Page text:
A synchronous output terminal Q of each flip-flop 803 is considered to be connected directly to its own synchronous input terminal D or the synchronous input terminal of another flip-flop, depending upon the logic levels of signals UP and DN. The words “connected directly” are meant to contrast conventional counters, such as counter 100, that employ combinatorial logic to derive input data for storage elements representing high-order bits.

FIG. 900 depicts a four-bit up/down counter 900 that includes a pair of up/down counters 800A and 800B, each of which is identical to counter 800 of FIG. 8. Counter 800A produces the two least-significant bits B1 and B0 in the manner described in connection with FIG. 8. Counter 800B functions in the same manner, but employs a logic circuit 910 to generate its control signals UP2 and DN2 and its clock signal CLK2.

Logic circuit 910 includes three AND gates 915, 920, and 925, two OR gates 930 and 935, and a pair of flip-flops 940 and 945. Counter 800B increments when UP=1, DN=0, and Q3=1; decrements when UP=0, DN=1, and Q0=1; holds when UP=0 and DN=0; and loads data in parallel when UP=1 and DN=1. Gates 915, 920, 925, 930, and 935 logically combine signals UP, DN, Q3, and Q0 to produce the appropriate control signals UP2 and DN2 for counter 800B. Optional flip-flops 940 and 945 latch the respective output signals from OR gates 930 and 935 on a falling edge of the clock signal. Flip-flops 940 and 945 thus ensure signals UP2 and DN2 remain at logic one, when appropriate, for a short time after counter 800A increments from 0001 to 1000 or decrements from 1000 to 0001.

FIG. 10 illustrates how four two-bit counters 300A, 300B, 300C and 300D, each identical to counter 300 of FIG. 3, can be combined to make an eight-bit synchronous counter 1000. Counter 1000 is shown connected to an optional eight-bit register 1005. Three simple AND gates 1010, 1015, and 1020 link adjacent counters 300 and gate the clock signal CLK as appropriate. AND gate 1010 clocks counter 300B upon receipt of a rising edge of clock CLK when counter 300A expresses a logic three (i.e., the two low-order bits of counter 1000 are a binary 11); AND gate 1015 clocks counter 300C upon receipt of a rising clock edge when counters 300A and 300B each express a logic three (i.e., the four low order bits of counter 1000 are a binary 1111); and AND gate 1020 clocks counter 300D upon receipt of a rising clock edge when counters 300A, 300B, and 300C each express a logic three (i.e., the six low-order bits of counter 1000 are a binary 111111). The three AND gates 1010 are far less complex then the combinatorial logic required to extend the synchronous counter architecture of FIG. 1 to eight bits.

In the depicted embodiment, each rising clock edge propagates through each AND gate to clock counter 300D. Other embodiments of counter 1000 reduce the delay imposed by the combinatorial logic linking counters 300A–D by employing more complex gates. For example, counter 300C can be clocked by a three-input AND gate combining clock signal CLK with the Q3 outputs of counters 300A and 300B, and counter 300D can be clocked by a four-input AND gate combining clock signal CLK with the Q3 outputs of counters 300A, 300B, and 300C. Many other schemes may also be used.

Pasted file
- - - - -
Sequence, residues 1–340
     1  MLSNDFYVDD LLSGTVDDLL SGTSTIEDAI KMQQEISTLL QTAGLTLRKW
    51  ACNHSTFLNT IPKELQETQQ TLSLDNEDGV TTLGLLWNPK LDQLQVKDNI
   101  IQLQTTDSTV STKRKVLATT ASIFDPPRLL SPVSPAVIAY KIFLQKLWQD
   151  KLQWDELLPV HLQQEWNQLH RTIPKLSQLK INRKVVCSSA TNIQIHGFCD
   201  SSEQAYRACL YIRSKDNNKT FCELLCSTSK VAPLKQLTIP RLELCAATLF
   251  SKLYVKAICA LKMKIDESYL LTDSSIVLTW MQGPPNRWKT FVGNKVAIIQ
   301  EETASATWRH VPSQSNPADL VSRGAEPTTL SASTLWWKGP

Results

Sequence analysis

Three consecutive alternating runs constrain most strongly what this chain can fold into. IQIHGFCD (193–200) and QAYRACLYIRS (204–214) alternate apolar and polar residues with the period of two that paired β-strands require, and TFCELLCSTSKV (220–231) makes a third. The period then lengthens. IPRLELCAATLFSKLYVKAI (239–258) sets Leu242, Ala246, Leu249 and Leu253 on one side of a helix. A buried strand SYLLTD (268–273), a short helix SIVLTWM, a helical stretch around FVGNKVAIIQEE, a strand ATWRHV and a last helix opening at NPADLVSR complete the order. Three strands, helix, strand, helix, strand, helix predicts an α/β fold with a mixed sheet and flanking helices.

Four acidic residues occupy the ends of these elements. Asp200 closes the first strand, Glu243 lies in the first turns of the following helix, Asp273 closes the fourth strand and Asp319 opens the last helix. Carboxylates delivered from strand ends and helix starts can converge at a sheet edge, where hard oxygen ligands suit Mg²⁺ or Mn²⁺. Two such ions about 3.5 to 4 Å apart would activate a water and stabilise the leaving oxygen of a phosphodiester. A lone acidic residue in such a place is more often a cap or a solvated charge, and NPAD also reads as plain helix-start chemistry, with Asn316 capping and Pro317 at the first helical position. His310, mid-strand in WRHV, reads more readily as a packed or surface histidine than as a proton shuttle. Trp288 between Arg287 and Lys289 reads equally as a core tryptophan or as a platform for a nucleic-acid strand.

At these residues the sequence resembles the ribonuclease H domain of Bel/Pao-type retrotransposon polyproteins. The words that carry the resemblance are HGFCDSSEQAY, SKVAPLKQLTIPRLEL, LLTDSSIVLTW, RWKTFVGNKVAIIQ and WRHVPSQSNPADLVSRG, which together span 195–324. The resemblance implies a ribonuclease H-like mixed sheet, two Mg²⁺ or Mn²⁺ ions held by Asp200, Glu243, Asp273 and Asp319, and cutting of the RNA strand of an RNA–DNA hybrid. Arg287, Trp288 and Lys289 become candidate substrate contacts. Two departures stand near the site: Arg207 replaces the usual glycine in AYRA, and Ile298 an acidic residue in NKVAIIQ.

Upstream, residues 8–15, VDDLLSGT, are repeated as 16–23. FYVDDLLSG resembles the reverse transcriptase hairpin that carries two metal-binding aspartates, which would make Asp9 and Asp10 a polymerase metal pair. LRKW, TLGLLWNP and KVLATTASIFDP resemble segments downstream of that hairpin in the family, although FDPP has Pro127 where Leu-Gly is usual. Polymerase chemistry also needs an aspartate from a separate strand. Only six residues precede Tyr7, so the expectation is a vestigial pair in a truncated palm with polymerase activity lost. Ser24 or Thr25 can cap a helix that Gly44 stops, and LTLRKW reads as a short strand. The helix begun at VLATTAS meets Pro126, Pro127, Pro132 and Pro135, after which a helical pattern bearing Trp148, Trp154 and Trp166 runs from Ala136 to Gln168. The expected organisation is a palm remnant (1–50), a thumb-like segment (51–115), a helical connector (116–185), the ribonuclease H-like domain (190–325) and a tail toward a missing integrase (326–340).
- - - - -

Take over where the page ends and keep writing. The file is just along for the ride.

FIG. 11 depicts an adjustable delay circuit 1100, including a counter 1105 and a delay line 1110. Counter 1105 is a modified version of up/down counter 800 (FIG. 8). Delay line 1110 includes an input terminal IN and an output terminal OUT. Delay line 1110 also includes three buffers 1115, 1120, and 1125 and four switches (transmission gates) 1130, 1135, 1140, and 1145. Only one switch is closed at a time, so the signal path between input terminal IN and output terminal OUT either traverses 0, 1, 2, or 3 buffers, depending upon the state of counter 1105. Because each buffer imposes some fixed amount of delay, delay line 1110 selectively imposes 0, 1, 2, or 3 delay increments. Delay lines similar to delay line 1110 are commonly used in delay-locked loops, for example.

Counter 1105 supports the four states described above in connection with FIG. 3 (1000, 0100, 0010, and 0001). In each state, one of four flip-flops 1150 stores a logic one, and consequently enables (closes) an associated one of the switches in delay line 1110. For example, only switch 1130 is closed when counter 1105 is in state 1000. The state of counter 1105 thus determines the delay through delay line 1110. Counter 1105 is synchronous, logically simple, and both counts and changes state very quickly. Also advantageous, counter 1105 can be easily extended to provide for many more states because the latency of counter 1105, and therefore the switching speed of delay circuit 1100, is independent of the number of delay settings. Also advantageous, delay circuit 1100 scales linearly, in terms of power consumption and area, with changes in delay granularity.

While the present invention has been described in connection with specific embodiments, variations of these embodiments will be obvious to those of ordinary skill in the art. It will be obvious, for example, to use the above-described counters in any of myriad applications for digital counters. Moreover, ring counters in some of the foregoing examples can be replaced with Johnson counters and appropriate decoding logic (Johnson counters are well known in the art, and are shown, for example, in Rafiquzzaman “Fundamentals of Digital Logic and Microcomputer Design,” pp 212–213 (1999), which is incorporated herein by reference). Therefore, the spirit and scope of the appended claims should not be limited to the foregoing description.

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Classifications
U.S. Classification377/122, 327/276, 327/279
International ClassificationH03H11/26, H03K23/54, H03K23/58
Cooperative ClassificationH03K23/588, H03K23/54, H03K23/548
European ClassificationH03K23/54, H03K23/54R, H03K23/58C
Legal Events
DateCodeEventDescription
Oct 29, 2004ASAssignment
Owner name: XILINX, INC., CALIFORNIA
Free format text: ASSIGNMENT OF ASSIGNORS INTEREST;ASSIGNOR:YOUNIS, AHMED;REEL/FRAME:015945/0547
Effective date: 20020926
Feb 16, 2010FPAYFee payment
Year of fee payment: 4
Feb 17, 2014FPAYFee payment
Year of fee payment: 8